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Notes Prepared by John Hogan


I Join the Commonwealth Bureau of Meteorology

H. A. Hunt (1866–1946) — First Commonwealth Meteorologist

Inigo Jones (1872–1954)

Griffith Taylor, D.SC, B.E., B.A. (1880–1963)

Edward Kidson, O.B.E., D.Sc., F. Inst. P. (1882–1939)

My Recollections of Captain Edward Kidson (R.E) O.B.E, D.Sc., F. Inst. P. (1882–1939)

Macquarie Island

Willis Island


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Griffith Taylor, D.SC, B.E., B.A. (1880–1963) (continued)

In the six years during which he was actively working in meteorology, having published books on the subject, Taylor could not be induced to take part in the Bureau's forecasting activities.

Taylor proclaimed his views with dogmatic assurance, consequently he became a controversial figure and on some subjects he drew heated criticism.

Early in his meteorological career he published a text book 'The Geography of Australia'. It was banned in the schools of Western Australia because the author had described most of the interior of that State as desert.

Again he was subject to criticism when he described the Northern Territory as a gigantic 'white elephant', while before a railway commission he strongly advocated that a railway to the Northern Territory be built from Carnavon to Daly Waters, rather than north from Oodnadatta. He could see no future giving economic significance to the Territory. One newspaper published this as 'Professor Taylor epitomises life in the Territory as Living Hell'.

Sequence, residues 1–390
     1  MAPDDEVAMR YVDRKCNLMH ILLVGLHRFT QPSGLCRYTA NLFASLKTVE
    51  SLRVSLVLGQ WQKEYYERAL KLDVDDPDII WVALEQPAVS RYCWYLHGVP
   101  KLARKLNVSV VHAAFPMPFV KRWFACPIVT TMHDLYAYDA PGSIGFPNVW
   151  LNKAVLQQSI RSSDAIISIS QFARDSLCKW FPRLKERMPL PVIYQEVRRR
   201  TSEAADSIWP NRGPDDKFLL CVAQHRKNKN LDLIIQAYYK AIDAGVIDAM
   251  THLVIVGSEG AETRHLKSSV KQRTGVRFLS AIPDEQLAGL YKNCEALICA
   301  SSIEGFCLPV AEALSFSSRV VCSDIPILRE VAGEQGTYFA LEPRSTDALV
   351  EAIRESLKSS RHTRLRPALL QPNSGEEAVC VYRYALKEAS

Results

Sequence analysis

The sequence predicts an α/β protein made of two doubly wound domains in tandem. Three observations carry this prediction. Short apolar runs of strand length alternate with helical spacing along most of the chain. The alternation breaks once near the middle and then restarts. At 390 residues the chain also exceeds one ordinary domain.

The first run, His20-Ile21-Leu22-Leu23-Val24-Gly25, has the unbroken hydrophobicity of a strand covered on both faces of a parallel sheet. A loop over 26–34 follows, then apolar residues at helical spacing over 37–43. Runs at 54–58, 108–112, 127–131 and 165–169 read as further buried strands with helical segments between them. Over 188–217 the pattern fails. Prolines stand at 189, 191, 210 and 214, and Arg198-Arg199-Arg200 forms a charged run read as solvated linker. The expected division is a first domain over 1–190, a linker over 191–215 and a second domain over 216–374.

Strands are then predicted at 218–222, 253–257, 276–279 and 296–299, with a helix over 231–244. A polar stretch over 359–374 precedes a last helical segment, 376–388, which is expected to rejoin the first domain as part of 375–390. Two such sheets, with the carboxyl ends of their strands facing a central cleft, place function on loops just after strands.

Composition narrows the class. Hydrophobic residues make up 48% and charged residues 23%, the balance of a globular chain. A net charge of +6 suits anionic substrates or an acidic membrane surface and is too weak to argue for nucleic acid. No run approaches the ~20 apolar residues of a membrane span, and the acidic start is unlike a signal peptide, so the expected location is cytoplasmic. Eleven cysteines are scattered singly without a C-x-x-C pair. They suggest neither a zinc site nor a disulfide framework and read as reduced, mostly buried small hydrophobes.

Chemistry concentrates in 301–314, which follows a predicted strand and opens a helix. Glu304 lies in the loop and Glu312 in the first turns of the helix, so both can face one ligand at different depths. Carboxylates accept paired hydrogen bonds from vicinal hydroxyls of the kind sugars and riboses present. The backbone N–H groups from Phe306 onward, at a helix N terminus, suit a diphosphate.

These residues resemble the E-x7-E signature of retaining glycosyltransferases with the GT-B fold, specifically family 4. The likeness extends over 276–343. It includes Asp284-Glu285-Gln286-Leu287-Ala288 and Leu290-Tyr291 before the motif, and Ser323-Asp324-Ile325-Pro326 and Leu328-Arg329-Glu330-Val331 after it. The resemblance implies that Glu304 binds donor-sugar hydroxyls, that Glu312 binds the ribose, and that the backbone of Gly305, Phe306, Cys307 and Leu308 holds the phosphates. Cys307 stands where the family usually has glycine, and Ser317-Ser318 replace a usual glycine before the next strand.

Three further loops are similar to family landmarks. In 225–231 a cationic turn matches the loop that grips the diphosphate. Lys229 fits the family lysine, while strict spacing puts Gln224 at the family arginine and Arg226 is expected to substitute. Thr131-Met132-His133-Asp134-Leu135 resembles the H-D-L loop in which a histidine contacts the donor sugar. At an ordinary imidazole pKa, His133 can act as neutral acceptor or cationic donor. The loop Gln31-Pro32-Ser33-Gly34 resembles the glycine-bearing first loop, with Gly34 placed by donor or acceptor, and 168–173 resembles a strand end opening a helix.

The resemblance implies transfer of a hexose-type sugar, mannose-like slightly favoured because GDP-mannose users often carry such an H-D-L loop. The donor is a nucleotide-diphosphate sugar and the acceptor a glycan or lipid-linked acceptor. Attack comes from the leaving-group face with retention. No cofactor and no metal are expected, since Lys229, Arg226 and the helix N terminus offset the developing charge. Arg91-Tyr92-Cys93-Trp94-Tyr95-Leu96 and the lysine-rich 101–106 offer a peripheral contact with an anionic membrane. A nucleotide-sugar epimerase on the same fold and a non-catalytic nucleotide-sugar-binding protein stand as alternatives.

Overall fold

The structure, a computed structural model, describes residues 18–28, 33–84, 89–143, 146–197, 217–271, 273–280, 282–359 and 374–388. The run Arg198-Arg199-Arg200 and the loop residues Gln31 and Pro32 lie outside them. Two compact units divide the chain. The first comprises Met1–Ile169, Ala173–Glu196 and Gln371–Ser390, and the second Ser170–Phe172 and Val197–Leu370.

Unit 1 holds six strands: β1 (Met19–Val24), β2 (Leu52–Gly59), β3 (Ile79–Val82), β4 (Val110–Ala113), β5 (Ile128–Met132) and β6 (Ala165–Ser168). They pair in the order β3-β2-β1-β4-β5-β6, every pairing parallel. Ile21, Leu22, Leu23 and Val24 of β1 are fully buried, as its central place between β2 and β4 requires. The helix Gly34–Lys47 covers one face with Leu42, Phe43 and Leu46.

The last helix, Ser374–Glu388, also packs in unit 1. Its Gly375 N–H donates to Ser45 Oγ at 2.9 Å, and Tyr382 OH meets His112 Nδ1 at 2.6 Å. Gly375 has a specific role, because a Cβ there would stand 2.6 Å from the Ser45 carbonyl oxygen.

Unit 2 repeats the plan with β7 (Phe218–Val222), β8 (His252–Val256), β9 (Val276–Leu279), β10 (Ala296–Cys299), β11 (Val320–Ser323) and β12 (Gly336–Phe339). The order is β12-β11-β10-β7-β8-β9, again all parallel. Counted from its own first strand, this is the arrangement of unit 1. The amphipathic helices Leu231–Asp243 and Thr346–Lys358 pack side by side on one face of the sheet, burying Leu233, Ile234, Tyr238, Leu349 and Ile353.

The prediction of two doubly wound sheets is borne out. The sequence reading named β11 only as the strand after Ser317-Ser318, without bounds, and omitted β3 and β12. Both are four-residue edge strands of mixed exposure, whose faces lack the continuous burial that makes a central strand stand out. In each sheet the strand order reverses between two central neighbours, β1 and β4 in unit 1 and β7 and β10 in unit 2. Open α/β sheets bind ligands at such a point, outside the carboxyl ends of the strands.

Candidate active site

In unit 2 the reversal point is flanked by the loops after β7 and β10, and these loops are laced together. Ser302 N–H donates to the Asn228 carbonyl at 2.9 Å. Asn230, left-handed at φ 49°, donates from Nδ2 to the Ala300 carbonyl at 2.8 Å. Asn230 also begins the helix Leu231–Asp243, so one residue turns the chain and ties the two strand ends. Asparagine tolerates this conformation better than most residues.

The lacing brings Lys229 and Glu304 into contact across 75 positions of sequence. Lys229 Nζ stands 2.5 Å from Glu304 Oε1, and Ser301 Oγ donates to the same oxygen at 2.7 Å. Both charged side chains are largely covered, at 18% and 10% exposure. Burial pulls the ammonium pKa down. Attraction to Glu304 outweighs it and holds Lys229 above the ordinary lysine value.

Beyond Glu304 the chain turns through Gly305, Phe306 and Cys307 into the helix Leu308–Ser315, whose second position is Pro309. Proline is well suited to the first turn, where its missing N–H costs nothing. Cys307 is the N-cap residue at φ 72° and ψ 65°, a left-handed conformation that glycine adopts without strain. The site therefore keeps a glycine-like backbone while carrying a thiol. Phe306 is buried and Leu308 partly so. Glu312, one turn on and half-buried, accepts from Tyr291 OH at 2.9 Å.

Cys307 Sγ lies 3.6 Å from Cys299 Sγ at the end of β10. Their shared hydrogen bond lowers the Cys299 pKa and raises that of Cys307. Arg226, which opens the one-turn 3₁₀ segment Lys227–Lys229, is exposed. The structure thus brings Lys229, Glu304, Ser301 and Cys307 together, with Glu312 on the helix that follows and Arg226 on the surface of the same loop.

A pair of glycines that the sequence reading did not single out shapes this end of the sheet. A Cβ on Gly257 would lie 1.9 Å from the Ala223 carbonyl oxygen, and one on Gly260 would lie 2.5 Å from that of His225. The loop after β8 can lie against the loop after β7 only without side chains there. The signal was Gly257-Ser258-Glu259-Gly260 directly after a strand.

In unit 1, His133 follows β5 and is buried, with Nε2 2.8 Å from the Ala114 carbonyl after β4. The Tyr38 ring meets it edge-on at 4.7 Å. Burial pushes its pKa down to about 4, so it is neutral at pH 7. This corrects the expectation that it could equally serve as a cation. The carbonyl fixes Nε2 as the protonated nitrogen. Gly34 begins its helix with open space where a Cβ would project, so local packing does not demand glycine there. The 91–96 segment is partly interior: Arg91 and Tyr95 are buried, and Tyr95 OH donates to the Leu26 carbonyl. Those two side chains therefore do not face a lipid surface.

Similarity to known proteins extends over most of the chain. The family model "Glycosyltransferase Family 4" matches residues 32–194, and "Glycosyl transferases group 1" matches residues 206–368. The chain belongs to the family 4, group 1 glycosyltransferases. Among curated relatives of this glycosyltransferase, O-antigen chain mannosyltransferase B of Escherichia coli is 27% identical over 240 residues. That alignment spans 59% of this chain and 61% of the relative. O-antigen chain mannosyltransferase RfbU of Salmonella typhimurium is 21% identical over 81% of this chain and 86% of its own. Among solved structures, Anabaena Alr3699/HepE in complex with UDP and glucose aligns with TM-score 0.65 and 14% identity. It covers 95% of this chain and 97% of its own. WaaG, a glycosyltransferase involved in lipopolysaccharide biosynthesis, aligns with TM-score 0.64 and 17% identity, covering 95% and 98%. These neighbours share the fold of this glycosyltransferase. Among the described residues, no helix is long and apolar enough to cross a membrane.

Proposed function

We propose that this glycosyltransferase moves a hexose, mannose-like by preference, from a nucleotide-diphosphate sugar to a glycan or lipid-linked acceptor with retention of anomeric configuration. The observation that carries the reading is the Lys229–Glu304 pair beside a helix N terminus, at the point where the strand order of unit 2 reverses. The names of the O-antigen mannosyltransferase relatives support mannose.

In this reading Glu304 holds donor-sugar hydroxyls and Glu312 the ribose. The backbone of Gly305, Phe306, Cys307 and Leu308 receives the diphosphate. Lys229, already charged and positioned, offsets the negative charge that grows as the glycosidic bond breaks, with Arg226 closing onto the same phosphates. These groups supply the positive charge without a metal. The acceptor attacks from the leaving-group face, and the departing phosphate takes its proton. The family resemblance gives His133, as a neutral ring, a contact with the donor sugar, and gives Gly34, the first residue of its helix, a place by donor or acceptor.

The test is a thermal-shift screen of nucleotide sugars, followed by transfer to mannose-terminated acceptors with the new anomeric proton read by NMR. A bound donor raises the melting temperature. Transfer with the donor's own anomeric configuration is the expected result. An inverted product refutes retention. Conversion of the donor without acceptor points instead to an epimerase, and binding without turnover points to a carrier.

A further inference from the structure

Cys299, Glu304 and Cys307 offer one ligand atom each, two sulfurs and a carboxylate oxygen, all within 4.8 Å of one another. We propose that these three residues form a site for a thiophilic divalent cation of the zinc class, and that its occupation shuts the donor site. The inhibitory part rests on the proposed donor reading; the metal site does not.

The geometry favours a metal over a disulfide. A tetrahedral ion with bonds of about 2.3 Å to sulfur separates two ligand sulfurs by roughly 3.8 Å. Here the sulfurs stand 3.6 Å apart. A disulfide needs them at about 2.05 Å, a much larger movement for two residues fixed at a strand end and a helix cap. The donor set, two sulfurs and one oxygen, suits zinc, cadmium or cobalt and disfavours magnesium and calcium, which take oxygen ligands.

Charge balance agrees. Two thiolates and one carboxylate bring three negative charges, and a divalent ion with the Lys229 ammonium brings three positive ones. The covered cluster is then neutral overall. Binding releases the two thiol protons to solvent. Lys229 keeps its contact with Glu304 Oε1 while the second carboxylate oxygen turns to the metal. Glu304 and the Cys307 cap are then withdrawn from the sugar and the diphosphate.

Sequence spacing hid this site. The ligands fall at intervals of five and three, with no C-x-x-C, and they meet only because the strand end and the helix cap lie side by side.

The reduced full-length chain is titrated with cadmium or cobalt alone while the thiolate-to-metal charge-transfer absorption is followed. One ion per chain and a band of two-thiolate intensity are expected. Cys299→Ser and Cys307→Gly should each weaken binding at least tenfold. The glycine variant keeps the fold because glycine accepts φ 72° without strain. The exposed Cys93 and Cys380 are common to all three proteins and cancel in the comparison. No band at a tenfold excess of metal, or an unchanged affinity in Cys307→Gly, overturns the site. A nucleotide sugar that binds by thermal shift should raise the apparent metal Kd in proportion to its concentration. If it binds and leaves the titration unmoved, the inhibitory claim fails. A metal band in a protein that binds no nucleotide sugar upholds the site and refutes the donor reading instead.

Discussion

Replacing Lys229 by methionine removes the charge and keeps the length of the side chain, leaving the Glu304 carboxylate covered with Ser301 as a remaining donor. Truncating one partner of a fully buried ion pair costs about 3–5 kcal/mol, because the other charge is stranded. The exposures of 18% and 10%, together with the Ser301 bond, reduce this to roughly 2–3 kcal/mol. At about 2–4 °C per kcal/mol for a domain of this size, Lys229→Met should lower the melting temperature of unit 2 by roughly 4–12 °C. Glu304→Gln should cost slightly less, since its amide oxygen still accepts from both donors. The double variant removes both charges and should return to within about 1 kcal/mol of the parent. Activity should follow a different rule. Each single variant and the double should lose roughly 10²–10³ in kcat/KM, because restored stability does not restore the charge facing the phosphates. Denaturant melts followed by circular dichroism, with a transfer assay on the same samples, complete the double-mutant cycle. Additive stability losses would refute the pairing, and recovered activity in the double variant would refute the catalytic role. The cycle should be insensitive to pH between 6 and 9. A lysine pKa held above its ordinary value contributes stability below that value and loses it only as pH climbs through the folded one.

Taylor's objective was to prevent the spending of huge amounts of money on what he saw as worthless objectives. There were other subjects too in which he was severely criticised by the press: one was his advocacy of inter-marriage (with reservation) between Australians and Asian races.

In 1927 Taylor joined the Chicago University and remained until 1936 when he moved to the Toronto University. In both Universities he continued to work tirelessly, with sessions of travel for his many geological expeditions.

People in Bright Sparcs - Hogan, John; Taylor, Thomas Griffith

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Hogan, J. 1986 'Notes Prepared by John Hogan (1896-1970)', Metarch Papers, No. 2 March 1986, Bureau of Meteorology

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